Rachel F. Elson


Rachel F. Elson is editor-in-chief of Financial Planning, and a longtime business and financial journalist. Prior roles included managing editor at Inc.com and CBS MoneyWatch.com; she was also an editor on MSN Money's pioneering multimedia journalism team, which won back-to-back Gerald Loeb awards.

She's a persistent runner, a compulsive traveler and a committed urbanite; she lives in Brooklyn.

All Rachel F. Elson's Stories
Seniors are increasingly vulnerable to financial abuse. Advisors have a growing role to play in helping stop it.
Steal these ideas: Here are some of smartest tips and tricks you may have missed.
While the biggest independent B-Ds have been fairly quiet, the deal-making has shifted to other players. See who's in focus now.
For advisors whose clients want some of their assets in real property, the current rebound creates both opportunities and challenges. Want to understand these clients a little better? A recent survey took a deep look at investment real estate buyers and identified several characteristics that set them apart.
Higher valuations, shakier bets: Advisors whose clients want real estate holdings face a new set of challenges.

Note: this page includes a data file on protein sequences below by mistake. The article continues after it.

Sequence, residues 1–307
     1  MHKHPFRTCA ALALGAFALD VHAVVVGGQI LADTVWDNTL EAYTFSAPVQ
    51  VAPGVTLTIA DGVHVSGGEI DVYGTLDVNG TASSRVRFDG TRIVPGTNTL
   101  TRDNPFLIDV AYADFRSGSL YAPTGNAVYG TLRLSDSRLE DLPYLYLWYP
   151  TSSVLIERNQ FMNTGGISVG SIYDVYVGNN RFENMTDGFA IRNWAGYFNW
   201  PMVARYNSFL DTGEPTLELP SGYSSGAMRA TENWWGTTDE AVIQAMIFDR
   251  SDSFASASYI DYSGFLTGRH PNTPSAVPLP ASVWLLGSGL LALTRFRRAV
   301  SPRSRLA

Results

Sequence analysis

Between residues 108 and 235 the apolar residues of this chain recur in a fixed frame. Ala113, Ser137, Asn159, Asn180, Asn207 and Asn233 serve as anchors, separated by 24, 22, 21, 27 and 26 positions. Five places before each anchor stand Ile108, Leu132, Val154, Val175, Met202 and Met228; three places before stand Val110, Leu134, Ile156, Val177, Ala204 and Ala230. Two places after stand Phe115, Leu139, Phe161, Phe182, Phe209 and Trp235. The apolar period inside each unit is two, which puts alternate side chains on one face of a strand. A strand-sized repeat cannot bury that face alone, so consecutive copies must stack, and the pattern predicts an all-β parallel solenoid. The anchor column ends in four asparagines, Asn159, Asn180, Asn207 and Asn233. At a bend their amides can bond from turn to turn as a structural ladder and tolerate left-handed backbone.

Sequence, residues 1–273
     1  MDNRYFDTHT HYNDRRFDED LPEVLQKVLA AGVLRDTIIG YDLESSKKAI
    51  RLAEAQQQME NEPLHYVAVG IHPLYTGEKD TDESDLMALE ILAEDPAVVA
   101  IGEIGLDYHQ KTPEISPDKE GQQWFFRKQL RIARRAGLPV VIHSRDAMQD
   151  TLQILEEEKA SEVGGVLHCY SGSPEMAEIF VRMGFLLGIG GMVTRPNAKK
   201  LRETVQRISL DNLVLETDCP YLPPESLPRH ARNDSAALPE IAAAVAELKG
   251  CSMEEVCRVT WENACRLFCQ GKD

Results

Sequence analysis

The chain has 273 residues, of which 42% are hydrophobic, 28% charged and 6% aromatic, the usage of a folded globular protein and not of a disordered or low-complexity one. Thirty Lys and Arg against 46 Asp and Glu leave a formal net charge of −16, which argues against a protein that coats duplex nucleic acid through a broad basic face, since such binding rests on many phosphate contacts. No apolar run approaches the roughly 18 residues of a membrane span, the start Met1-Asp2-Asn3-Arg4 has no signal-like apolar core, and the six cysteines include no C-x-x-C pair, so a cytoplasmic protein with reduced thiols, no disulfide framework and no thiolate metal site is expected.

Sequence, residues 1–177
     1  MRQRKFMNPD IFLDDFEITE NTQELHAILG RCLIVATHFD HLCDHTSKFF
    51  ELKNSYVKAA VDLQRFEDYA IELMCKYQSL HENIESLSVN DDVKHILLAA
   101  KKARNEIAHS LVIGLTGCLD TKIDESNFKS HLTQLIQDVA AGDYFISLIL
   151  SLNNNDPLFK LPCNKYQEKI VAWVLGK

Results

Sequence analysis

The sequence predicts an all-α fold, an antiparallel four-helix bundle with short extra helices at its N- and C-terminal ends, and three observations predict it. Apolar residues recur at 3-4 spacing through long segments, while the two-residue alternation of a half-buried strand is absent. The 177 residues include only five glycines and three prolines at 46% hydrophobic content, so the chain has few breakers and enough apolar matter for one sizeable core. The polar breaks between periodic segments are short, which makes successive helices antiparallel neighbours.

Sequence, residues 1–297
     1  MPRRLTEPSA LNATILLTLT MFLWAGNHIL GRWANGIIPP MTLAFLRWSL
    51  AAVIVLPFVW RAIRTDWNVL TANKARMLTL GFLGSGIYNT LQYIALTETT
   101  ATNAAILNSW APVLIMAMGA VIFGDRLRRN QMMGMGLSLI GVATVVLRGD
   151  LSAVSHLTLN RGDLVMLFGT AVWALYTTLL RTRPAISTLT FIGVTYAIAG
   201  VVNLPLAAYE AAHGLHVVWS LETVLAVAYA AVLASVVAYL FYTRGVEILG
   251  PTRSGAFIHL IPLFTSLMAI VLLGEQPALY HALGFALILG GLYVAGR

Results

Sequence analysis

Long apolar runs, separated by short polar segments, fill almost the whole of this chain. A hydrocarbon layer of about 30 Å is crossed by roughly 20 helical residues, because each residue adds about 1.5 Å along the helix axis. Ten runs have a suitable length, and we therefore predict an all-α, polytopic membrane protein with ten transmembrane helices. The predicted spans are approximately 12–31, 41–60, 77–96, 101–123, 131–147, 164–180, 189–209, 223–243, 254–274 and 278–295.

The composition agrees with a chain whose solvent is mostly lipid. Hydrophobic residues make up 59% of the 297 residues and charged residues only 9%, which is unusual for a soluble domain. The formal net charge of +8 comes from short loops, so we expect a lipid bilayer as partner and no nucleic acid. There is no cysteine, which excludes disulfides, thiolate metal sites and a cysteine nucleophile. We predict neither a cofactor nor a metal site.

As the end of tax season drew near, clients boosted participation in retirement plans, but their appetite for risk dropped sharply. Those are among the main takeaways from April’s Retirement Advisor Confidence Index — Financial Planning’s monthly barometer of business conditions for wealth managers. The index slipped 1.1 points for the month to 53.6 after increasing the previous month. …
Advisors who are helping clients prepare themselves financially for retirement are only doing part of the job needed.
Psychological experiments at the University of Georgia offer a pair of clear takeaways for advisors facing prospects.
About a quarter of fee-only advisory firms we surveyed in February said they had changed their fee structure in the past year (as did 20% of all independent firms). So what did they do? We combed through respondents' individual comments to identify several of the changes firms have made.
Changes in both demographics and tax laws require a massive rethinking of estate planning strategies. Here are a few of the minefields that planners should avoid.
As economic landscapes shift, RIAs are going to need to rethink the ways they charge clients and deliver service.
The pace of RIA dealmaking has leveled off over the last few years, with no increase in the number of deals over the previous year and aggregate AUM acquired ticking up only slightly to $47.4B from $43.7B, according to new data from Schwab Advisor Services.
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